Workers' Compensation Institute (WCI360.com) has reported that on August 10, 2016 at 10:44 PM, an attorney filed a lawsuit against the National Council on Compensation Ins. Inc. ("NCCI"), the Florida Office of Insurance Regulation ("FOIR"), and David Altmaier as Commissioner of the Office. Represented by Shubin and Bass of Miami, plaintiff James Fee “seeks to introduce some required clarity and transparency into the opaque world of Worker’s Compensation insurance rates in Florida.”
Interestingly the lawsuit was filed in the 11th Judicial Circuit, in Miami-Dade County, Florida. It is common for lawsuits against state government to be brought in Tallahassee, Leon County Florida. According to the complaint, one defendant (NCCI) is domiciled in Palm Beach County. Another (FOIR) is headquartered in Leon County Florida, but “has an office in Miami-Dade County.” There is no venue allegation in the complaint regarding the Commissioner of Insurance.
The complaint alleges that the Florida’s workers' compensation rate-making process is controlled by ”one private entity, the national Council on Compensation Insurance Inc.” It further alleges that the process engaged occurs “with virtually no public scrutiny.” Relying on the public records act and the Sunshine Law, plaintiff alleges he seeks to ”take this process out of the proverbial shadows and mandate that NCCI and OIR operate in a manner that ensures that the rate proposed by NCCI and ultimately approved by the Commissioner serves the interest of both insurance company and insureds in Florida.”
The lawsuit alleges violations of chapter 627, c. 286, and c. 119 of the Florida Statutes, as well as article I of the Florida Constitution. Based upon these alleged violations, and upon principles of due process, plaintiff seeks to void the recent rate increase filing, and ”enjoin an August 16, 2016 hearing set by the OIR on this proposed rate increase.” The plaintiff alleges he “seeks to vindicate not only its (his?) own interest in ensuring transparency in government, but the public’s right to the open government requirements that are bedrock constitutional and statutory requirements in the State of Florida.”
Interestingly, plaintiff alleges that Miami-Dade is the appropriate venue for this litigation because that is the location of his business, a law firm which purchases worker’s compensation insurance. It is this purchase of Worker’s Compensation insurance, and the effect thereon of any rate increase, the plaintiff alleges has caused him damage. Additionally, as plaintiff requested documents, from his office in Miami-Dade County, he alleges that Miami-Dade is the appropriate venue. Similarly, he alleges that the public was entitled to notice of any meetings held by anyone at NCCI to discuss this rate filing, and such notices would necessarily have been required to all businesses, including his, which is in Miami-Dade County. On these ties to Miami-Dade, Plaintiff alleges that is the correct venue for this litigation.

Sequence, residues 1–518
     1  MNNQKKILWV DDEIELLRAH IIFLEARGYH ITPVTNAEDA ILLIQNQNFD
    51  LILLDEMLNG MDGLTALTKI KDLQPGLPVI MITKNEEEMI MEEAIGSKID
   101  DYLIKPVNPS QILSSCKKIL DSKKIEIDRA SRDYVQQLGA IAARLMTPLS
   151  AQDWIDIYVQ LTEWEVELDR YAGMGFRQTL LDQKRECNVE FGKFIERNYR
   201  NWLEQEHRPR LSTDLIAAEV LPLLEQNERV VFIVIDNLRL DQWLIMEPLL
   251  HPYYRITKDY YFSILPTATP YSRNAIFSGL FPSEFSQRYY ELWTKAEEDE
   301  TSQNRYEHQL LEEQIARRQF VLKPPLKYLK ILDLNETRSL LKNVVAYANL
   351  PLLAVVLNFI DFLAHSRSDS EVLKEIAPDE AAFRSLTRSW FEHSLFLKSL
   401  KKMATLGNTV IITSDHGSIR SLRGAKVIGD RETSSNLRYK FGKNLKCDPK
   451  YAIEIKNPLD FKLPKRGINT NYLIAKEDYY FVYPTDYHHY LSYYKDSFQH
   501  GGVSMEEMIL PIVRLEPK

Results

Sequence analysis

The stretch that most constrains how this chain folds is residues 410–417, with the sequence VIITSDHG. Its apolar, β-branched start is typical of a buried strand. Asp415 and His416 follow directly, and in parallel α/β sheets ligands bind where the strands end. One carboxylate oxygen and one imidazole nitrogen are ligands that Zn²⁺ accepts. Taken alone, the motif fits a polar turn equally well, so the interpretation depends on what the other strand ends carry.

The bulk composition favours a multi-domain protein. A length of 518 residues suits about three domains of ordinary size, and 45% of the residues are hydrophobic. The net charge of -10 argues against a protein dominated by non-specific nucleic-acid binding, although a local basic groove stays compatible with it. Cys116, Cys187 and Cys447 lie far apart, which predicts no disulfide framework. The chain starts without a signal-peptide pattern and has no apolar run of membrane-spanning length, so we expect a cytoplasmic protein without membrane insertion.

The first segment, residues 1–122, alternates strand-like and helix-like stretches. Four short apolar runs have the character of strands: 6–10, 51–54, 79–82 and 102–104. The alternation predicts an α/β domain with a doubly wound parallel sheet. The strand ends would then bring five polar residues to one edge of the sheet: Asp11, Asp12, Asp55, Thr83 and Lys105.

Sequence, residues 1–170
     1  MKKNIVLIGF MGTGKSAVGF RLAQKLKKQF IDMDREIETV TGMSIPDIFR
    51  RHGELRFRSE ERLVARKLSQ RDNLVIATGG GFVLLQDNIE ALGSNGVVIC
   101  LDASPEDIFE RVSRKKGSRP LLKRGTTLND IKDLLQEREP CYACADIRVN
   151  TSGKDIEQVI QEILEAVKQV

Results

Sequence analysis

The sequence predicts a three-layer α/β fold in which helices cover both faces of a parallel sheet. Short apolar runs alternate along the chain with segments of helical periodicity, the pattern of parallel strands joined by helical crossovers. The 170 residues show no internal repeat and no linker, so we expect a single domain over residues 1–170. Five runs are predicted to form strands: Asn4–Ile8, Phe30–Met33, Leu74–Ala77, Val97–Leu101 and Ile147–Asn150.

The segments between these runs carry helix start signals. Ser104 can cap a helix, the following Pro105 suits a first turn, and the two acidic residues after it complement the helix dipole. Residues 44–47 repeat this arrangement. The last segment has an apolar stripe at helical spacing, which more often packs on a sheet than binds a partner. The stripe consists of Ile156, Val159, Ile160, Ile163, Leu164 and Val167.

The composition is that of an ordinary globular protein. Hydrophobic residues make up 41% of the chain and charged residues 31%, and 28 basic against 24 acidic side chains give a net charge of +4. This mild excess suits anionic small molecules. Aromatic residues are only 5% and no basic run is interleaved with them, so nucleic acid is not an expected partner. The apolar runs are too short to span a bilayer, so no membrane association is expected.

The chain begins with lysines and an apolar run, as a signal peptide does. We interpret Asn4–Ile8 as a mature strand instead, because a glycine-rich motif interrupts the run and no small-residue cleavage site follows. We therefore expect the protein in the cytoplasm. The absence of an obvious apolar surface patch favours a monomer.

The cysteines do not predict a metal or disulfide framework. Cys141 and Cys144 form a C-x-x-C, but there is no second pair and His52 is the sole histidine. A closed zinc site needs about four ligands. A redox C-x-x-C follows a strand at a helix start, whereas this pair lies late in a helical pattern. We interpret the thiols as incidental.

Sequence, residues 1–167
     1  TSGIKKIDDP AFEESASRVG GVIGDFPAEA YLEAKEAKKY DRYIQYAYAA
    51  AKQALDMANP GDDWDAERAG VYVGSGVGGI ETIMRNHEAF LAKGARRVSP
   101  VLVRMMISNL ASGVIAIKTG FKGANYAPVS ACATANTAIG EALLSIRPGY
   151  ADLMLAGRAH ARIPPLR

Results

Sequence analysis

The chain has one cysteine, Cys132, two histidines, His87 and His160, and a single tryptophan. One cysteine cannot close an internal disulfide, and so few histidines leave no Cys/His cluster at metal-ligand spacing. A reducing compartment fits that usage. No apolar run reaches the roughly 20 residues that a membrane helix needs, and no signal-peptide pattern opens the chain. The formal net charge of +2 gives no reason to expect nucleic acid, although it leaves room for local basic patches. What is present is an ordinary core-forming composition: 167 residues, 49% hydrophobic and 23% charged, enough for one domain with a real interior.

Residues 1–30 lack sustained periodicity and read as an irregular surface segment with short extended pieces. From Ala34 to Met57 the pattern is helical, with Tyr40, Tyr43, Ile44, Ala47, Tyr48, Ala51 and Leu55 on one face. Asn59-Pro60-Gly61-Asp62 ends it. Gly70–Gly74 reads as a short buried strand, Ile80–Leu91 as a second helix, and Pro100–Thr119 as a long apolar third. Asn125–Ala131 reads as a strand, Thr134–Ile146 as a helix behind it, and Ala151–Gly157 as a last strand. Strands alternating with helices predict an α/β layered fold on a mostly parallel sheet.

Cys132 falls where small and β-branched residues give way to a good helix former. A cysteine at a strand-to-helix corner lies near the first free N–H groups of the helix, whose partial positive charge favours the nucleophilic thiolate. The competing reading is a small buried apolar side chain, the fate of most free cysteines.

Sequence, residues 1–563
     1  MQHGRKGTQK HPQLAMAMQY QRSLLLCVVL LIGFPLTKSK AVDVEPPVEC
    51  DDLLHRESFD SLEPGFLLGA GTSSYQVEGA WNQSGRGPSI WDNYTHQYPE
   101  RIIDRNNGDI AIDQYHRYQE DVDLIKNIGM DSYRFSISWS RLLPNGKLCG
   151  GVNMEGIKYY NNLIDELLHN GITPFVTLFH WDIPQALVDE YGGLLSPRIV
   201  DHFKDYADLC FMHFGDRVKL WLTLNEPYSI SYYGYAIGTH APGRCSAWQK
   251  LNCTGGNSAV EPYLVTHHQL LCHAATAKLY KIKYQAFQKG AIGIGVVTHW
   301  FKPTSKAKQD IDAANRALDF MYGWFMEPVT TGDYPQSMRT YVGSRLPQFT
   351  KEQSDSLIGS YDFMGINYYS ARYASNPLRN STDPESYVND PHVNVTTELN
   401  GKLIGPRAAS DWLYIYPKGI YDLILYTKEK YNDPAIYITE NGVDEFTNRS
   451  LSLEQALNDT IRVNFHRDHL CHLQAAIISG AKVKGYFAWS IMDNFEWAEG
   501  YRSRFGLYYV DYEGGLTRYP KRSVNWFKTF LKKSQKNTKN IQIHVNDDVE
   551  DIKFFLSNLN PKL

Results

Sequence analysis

The complaint provides some interesting overview of the worker’s compensation market in Florida. It notes that “over 250 insurance companies offer Worker’s Compensation insurance to Florida employers.” That is a significant volume of carriers (later, the complaint says it is nearly 260) and. The complaint notes that all carrier rate setting is subject to Florida statutory requirements. As an alternative to a carrier filing its own rates and rating plans, those insurers may “be, a member of, or a subscriber to, a licensed rating organization which makes such filings and by authorizing the office to accept such filings in its behalf.” The complaint states that “the overwhelming majority of Worker’s Compensation insurers select this option, and utilize NCCI to make rate filings on their behalf.” Plaintiff therefore alleges that thereby “NCCI effectively sets a single insurance rate for nearly all Worker’s Compensation insurers in the State of Florida.”